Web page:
Sunday, March 15, 2009

Interview: Want To Regenerate Anioma Culturally And Politically – Uche Honnah

Uche Honnah, newly elected President of the Anioma Association USA – the umbrella organization for all Anioma people in the United States of America is a man on a mission. This real estate investor and efficient organizer spoke with correspondent last week on his plans to build a strong, unified association. He also weighed in on the controversy surrounding the election of an Anioma son, Chief Ralph Uwechue, as head of pan Igbo group, Ohaneze Ndigbo.

TON: Congratulations on your recent election as the National President of Anioma Association, USA. Kindly tell us a little bit about yourself?

Answer: Thank you very much. My name is Uche Honnah and I am from Idumuje Ugboko in Aniocha local government area of Delta State. I am based in Maryland and into real estate investor and appraiser. That is what I do for a living. I have a family which comprises of my wife, two sons and a daughter. One of my son is currently in Nigeria doing his national youth service. My other son is in India studying while my daughter lives here with me.

TON: What is your vision for the Anioma Association?

Answer: As the saying goes, everything starts locally. Before I joined the race for the national president of the association, I did notice that the association was not really progressive. They were not addressing the goals I felt should be address. They were enmeshed in infightings and were losing chapter members as a result. Some people came to me because they knew what I had done with another association called Aniocha progressive union. They felt I will be able to bring some purpose to Anioma national. I thought about it and decided to join the fray. Since I became the president we have been better focused. My goal is to unite our people here in the USA and I think we are making headway. I have travelled to a lot of chapters and spoken to members and I think we are beginning to see the fruits. I was in Nigeria last year to make our people aware of our present here. I spoke a lot of our leaders. Anioma leaders who are captains of industry and our political leaders. I spoke to Col Okwechime, I spoke to the president of Oganihu Anioma, Pat Utomi and other leaders. My goal is to concentrate on bringing economic benefit to our people by exposing to opportunities here in America and elsewhere. Bring people from Nigeria and America together so that we can benefit from interacting with one another. At the same time we want to project our culture. We are a people who are very proud of our culture. These are the things I want to do; regenerate our culture.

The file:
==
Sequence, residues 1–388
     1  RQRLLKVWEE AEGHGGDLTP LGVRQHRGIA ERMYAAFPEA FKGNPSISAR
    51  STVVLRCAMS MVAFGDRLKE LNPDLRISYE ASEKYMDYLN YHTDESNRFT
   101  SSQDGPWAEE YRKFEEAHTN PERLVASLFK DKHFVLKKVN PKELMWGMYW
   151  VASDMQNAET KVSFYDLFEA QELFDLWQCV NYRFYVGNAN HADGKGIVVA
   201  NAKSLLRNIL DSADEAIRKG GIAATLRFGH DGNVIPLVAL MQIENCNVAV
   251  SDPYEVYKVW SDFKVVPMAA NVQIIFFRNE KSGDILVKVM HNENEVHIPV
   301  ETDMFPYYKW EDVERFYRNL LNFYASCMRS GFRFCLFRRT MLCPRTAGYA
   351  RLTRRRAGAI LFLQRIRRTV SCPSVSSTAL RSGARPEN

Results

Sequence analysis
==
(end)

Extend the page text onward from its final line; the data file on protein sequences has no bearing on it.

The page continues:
TON: How do you intend to actualize these lofty goals of projecting Anioma culture and economic empowerment for your people?

Answer: Let me take the economic part of it first. We have a lot of people in Nigeria who I believe needs to be plugged in the right channel. If you have ideas and you are not aware of people who can help you achieve them they don’t come to fruition. Next year I want to use the forum of Anioma World Economic Summit to bring politicians, captains of industry, - people who want to bring industry to our people because once you bring industry it creates jobs and it helps the development of the area. At the same time, there are people in America who want to sell their goods and services to other parts of the world and are looking for markets. So one of the things we have to do in the Anioma world economic summit is to link the buyers and sellers. We will also use the occasion to showcase Anioma culture and tradition to the world.

TON: How do you intend to reposition the association to become more relevant both in the United States and Nigeria?

Answer: Thank you. That is a very good question. The point is that previous leadership of the association was not able to look into the direction of making it a strong political force. When I was elected I decided there is a need to make Anioma association relevant in the body polity of Nigeria because no matter what we do we have to realize that we come from somewhere and we need to establish our presence there. One of the ways we intend doing it is by more media exposure, become more involved in local issues, raise issues relevant to Anioma people and hold our political leaders accountable. Work with our political leaders as partners. They will also hear from us whenever they go wrong. When do right we will praise them. I hope that they are there for the betterment of our people and part of that is to hold them accountable. We will shout it out when they do good and also shout it out when they do bad.